I’ve only been homeschooling since September, but I’ve noticed that, apart from family members, the only negative reactions I’ve received about it are from people whose family members work in the public school system. NOT public school teachers, administrators, or guidance counselors themselves (Retired teachers are also pretty touchy, though, come to think of it.) The people in the system today get it, I find. It’s the moms, grand moms, aunts, uncles, of public school employees who are threatened, who even look horrified and ask, “Why would you do THAT?” I assume that it’s a deep down fear that their loved ones livelihood’s is at risk by armies of homeschoolers.

  19. heather says:

    Thanks for this article! It was just what I needed. I have been homeschooling for 2 years, and just recently got into a similar conversation for the first time. It really bothered me, but I am a person who goes to great lengths to avoid conflict, by nature. Like you, I eventually landed back at my core values/reasons for homeschooling by focusing on gratitude for all the positive growth I have seen in our kids and family as a whole.

  20. As a Homeschooler of the 80’s and 90’s, I grew up with the myths and trying to fight them. I think that it was even harder to deal with the fact that 30 years after my mom started to homeschool us, the myths where still alive and well, despite the fact that there are at least 2 million homeschooled students in the USA today, compared to well less than 100,000 30 years ago, and homeschooling continues to be on the rise in popularity and proof that homeschooled children do very well in the real world as adults. Unfortunately for other people, because homeschooling has always been my lifestyle and is an ingrained part of who I am, they end up hearing quite at ear full of information on how homeschooling works very well, regardless of if they wanted it or not.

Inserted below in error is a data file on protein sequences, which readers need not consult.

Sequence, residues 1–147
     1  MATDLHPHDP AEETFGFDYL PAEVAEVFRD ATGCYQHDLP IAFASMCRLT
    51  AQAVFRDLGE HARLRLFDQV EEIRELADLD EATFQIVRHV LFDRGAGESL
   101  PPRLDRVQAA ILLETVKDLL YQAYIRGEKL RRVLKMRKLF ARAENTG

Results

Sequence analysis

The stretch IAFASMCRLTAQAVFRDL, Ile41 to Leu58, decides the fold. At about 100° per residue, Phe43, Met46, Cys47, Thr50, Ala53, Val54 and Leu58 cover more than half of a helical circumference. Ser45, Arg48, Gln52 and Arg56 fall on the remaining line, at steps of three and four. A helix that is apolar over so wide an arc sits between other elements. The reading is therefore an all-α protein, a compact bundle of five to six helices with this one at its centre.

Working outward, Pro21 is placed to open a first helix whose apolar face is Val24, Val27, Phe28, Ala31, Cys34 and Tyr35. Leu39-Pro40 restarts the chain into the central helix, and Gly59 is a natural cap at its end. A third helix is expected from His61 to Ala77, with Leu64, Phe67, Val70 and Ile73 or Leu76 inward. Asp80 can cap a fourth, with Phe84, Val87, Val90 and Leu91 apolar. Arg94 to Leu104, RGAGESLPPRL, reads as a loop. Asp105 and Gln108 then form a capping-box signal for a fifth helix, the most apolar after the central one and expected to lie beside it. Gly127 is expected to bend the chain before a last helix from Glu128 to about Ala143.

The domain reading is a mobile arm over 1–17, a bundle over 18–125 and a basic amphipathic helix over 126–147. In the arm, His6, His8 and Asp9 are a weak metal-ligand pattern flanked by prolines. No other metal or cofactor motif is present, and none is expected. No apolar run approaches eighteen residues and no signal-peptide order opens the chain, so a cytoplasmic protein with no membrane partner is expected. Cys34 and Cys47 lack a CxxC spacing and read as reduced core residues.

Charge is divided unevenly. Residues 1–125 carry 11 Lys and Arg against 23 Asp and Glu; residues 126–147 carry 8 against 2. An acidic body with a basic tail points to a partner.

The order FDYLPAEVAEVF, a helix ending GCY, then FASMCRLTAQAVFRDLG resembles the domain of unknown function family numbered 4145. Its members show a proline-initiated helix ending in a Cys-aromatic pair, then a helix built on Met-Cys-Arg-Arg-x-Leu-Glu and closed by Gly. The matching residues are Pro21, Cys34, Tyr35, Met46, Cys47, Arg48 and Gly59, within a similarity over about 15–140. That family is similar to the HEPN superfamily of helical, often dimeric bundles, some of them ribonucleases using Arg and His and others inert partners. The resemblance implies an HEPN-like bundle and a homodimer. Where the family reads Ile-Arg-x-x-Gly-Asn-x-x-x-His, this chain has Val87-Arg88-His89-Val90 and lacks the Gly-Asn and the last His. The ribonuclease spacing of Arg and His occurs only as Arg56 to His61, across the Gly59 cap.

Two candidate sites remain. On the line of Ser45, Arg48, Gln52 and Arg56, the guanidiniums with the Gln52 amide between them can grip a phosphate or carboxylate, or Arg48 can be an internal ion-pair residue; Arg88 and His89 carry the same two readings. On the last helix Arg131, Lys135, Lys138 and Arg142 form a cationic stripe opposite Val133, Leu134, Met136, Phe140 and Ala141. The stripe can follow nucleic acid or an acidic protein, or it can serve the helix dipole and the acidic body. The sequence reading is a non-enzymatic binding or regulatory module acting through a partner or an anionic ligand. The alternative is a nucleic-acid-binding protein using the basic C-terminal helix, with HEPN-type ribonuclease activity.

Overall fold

21. Great post! I am so glad you have those goals for your child and know for a fact they wouldn’t be met at a public school. My cousin’s little boy (5 years old) has been labeled “lazy” because he didn’t learn to read this year in Kindergarten. Now he has to go to summer school, because he is “lazy”. 5 years is still a baby to me in so many ways. It’s not fair to keep pushing so many things on kids younger and younger.

  22. Heather — I love your heart. 🙂 We share so much in common:

    “As an educator, there is always an internal struggle between being conventional and being out of the box when it comes to your homeschooling. Always. ”

    I can really sympathize and AGREE with everything you said here. Great post.